One week ago, news reports surfaced linking Jameis Winston to a sexual assault investigation in Tallahassee.
Since that time, developments have come quickly. The Tallahassee police have been criticized by both sides for the conduct of the investigation and their recent actions, the appointed prosecutor has made his own statements to the press and launched his own inquiry, and each side is pointing a finger at the other.
After a week, where does the investigation stand, and what's going to happen next?
What do we know?
Florida State quarterback Jameis Winston is the subject of a sexual assault investigation by Florida's state attorney, Willie Meggs, stemming from a sexual encounter with an unknown woman in December 2012. On Wednesday night, ESPN's Mark Schlabach reported that a DNA sample taken from the accuser's underwear the day after the incident matched a DNA sample provided by Winston. The finding prompted Winston's attorney, Tim Jansen, to publicly state that Winston had consensual sex with the woman. Jansen also told reporters that two eyewitnesses would corroborate Winston's defense.
The alleged victim notified police of the assault on December 7, 2012. In January, she identified Winston as the attacker. The investigation closed in Feburary, however, and remained inactive until early November. Nobody seems to know why it was reopened and transferred to the state attorney for review, though the victim's family believes it was due to media inquiries.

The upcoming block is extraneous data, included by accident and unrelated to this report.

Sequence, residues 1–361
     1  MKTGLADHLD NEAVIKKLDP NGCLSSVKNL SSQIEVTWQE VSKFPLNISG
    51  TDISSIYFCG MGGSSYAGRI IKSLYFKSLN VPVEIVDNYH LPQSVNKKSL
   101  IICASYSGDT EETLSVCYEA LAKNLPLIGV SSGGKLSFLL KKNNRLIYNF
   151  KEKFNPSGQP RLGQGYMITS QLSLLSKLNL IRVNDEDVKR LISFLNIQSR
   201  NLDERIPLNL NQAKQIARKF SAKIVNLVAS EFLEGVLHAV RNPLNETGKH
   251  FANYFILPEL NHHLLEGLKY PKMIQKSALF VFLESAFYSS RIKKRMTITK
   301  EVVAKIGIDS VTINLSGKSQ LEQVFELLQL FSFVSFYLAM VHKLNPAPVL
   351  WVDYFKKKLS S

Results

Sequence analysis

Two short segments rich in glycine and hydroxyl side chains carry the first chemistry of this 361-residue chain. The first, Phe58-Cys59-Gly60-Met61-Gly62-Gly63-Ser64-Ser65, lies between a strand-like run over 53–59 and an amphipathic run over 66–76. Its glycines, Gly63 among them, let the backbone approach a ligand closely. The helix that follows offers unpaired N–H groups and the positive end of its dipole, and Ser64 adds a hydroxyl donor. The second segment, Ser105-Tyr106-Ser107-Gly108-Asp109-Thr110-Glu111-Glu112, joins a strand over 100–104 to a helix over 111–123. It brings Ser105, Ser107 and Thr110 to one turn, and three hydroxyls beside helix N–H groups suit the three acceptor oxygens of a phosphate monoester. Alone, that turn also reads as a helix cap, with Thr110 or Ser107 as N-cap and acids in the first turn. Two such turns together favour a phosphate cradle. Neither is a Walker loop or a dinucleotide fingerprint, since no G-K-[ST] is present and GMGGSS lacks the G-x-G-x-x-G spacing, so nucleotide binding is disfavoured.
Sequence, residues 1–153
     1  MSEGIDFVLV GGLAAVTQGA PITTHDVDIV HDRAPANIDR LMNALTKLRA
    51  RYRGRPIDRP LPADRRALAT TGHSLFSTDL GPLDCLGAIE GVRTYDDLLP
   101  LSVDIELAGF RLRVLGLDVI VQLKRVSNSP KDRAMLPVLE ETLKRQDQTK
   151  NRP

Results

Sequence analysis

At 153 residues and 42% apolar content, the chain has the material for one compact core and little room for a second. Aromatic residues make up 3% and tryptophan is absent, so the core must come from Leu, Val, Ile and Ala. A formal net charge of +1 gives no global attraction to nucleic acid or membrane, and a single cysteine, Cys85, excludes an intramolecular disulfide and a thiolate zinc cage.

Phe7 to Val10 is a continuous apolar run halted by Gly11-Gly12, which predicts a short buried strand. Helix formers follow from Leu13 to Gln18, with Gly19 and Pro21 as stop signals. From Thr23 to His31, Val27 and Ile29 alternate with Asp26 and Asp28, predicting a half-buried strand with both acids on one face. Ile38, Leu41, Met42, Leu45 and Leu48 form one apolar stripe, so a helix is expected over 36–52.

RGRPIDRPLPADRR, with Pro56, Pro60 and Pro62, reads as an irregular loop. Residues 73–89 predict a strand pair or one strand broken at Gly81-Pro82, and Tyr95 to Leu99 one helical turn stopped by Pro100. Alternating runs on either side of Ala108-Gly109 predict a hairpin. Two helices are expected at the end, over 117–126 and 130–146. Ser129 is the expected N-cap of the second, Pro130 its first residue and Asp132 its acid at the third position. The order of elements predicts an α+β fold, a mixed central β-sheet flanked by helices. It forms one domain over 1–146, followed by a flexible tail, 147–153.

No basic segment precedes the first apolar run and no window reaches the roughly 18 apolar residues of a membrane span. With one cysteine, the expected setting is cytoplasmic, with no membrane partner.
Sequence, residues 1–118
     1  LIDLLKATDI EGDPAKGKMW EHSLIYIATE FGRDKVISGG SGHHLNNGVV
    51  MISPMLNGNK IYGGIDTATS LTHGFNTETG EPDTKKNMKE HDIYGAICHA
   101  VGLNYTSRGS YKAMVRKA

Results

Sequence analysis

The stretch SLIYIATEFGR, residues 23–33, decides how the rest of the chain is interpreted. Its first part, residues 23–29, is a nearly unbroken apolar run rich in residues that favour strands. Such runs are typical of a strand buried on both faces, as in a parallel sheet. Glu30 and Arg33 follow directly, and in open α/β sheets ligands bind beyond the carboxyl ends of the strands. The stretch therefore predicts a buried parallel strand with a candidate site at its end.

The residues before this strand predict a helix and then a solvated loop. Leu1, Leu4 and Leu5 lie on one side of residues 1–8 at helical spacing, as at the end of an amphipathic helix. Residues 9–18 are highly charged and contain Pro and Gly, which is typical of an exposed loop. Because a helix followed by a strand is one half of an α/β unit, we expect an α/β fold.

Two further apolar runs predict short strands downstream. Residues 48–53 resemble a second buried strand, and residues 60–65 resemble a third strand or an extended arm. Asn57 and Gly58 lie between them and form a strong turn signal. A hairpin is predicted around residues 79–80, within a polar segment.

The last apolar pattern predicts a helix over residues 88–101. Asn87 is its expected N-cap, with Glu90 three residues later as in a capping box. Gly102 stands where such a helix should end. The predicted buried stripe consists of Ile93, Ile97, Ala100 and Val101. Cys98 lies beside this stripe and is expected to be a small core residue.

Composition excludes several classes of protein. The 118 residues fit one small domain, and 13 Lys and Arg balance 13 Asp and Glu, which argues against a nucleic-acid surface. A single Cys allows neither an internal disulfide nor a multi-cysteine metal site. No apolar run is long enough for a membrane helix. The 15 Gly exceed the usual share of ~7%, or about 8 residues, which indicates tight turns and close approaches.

At the moment, the bigger issue is the Tallahassee Police Department's handling of the investigation to date. The accuser's attorney and family have told reporters that a Tallahassee police detective warned her off the investigation due to Winston's place on the football team:
In early January, when the victim identified the perpetrator as Jameis Winston, the family grew concerned that she would be targeted on campus.
We requested assistance from an attorney friend to interact with law enforcement on the victim's behalf. When the attorney contacted Detective Angulo immediately after Winston was identified, Detective Angulo told the attorney that Tallahassee was a big football town and the victim needs to think long and hard before proceeding against him because she will be raked over the coals and her life will be made miserable.
In a written statement, the victim's family also alleged that police refused to interview key witnesses or conduct DNA testing after she identified Winston as the alleged attacker in January.
Tallahassee city manager Anita Favors Thompson sent an email to city commissioners on November 12, indicating that the investigation stopped in February because the woman decided she did not want to press charges. This has also been the position of the interim police chief, Tom Coe. The victim's attorney has pointedly denied the city's claims.
For their part, Winston and his attorney are similarly angry with the actions of the Tallahassee police and prosecutors. Winston's complaints stem from the leaked DNA results, a leak which likely came from TPD, the prosecutor, or the lab which conducted the test: